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Artist as Collector, Collector as Artist: William Itter

Collector William Itter's recent gift of African ceramics, baskets and textiles to the IU Art Museum is being showcased in an exhibition currently on view. At the same time, Bill Itter's own paintings and drawings are on display in a retrospective at the Hope School of Fine Arts Gallery.

Itter is recently retired from the Indiana University Hope School of Fine Arts, where he was a professor for more than 35 years. The artist's collecting began in the 60s, when Itter was in graduate school at Yale. The artist and his late wife, the nationally known fiber artist Diane Itter, began collecting in earnest to have immediate access to a library of visual forms and ideas. The collections range from the sub-Saharan vessels and baskets to Navajo blankets and American folk art and beyond.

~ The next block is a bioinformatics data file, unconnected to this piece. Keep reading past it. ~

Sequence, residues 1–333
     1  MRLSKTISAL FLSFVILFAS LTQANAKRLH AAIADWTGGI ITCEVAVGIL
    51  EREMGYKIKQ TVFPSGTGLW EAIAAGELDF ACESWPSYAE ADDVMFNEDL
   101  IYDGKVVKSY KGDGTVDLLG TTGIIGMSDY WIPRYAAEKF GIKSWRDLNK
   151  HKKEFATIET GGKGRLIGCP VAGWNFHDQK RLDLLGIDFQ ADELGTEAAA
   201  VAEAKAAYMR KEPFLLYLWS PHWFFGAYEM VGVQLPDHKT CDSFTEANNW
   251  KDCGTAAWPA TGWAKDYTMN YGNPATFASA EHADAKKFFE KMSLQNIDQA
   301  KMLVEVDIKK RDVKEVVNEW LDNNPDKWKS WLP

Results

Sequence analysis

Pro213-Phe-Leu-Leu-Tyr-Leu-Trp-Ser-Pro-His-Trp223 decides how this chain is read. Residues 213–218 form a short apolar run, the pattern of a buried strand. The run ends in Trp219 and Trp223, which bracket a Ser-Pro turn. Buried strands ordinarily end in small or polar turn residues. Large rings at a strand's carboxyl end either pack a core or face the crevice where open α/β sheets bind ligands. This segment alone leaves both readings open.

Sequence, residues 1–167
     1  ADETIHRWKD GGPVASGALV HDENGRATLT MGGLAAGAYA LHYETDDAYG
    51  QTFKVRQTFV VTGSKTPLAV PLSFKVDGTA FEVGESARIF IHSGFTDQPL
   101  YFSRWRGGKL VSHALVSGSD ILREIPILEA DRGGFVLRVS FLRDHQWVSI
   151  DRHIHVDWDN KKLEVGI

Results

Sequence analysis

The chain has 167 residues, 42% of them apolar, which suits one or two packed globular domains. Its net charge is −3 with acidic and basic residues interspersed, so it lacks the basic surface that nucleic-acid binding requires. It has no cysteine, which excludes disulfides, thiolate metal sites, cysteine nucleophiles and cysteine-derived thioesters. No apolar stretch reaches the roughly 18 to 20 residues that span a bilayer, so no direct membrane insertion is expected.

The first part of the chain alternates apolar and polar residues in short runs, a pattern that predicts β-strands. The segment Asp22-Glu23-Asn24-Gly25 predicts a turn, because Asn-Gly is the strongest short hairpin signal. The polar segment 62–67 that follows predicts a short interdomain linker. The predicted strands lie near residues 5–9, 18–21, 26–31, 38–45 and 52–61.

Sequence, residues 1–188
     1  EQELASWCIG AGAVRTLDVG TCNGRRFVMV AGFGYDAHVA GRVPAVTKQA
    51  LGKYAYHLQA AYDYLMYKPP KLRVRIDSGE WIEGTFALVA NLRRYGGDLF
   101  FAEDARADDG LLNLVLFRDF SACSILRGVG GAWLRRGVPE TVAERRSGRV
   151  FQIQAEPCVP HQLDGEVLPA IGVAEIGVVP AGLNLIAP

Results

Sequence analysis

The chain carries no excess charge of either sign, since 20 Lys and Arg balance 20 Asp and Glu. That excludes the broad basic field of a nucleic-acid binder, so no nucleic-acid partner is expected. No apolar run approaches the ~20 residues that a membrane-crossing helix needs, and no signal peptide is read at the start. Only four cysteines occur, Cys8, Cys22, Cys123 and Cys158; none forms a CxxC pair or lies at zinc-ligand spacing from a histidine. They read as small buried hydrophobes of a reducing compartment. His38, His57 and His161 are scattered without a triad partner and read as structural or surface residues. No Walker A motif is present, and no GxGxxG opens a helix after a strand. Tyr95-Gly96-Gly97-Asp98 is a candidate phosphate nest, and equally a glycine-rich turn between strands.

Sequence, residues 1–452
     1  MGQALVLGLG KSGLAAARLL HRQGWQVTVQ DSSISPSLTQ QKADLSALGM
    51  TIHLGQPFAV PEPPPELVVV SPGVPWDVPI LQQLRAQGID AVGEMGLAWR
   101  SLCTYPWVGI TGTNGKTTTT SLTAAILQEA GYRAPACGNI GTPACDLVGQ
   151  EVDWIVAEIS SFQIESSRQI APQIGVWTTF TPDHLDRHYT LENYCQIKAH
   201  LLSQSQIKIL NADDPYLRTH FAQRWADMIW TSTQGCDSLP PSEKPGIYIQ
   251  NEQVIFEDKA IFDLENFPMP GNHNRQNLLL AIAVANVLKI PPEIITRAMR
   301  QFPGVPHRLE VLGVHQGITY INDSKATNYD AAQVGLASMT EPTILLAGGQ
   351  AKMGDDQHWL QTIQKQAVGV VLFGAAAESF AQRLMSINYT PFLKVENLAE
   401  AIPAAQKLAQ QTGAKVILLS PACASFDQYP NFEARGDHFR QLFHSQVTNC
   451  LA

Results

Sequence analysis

Itter has discovered that the objects he collects have served not only as inspiration for his own paintings and drawings; but his studio work, and the ideas he explores in course development, have guided his collecting decisions.

"Form and Surface: African Ceramics, Baskets and Textiles from the William Itter Collection" is mounted in the IU Art Museum's Special Exhibitions Gallery on the first floor through December 13. Next door at the SoFA Gallery, you can see the collector's own work in "William Itter: A Retrospective-Paintings and Drawings 1969-2009", on display through November 20.

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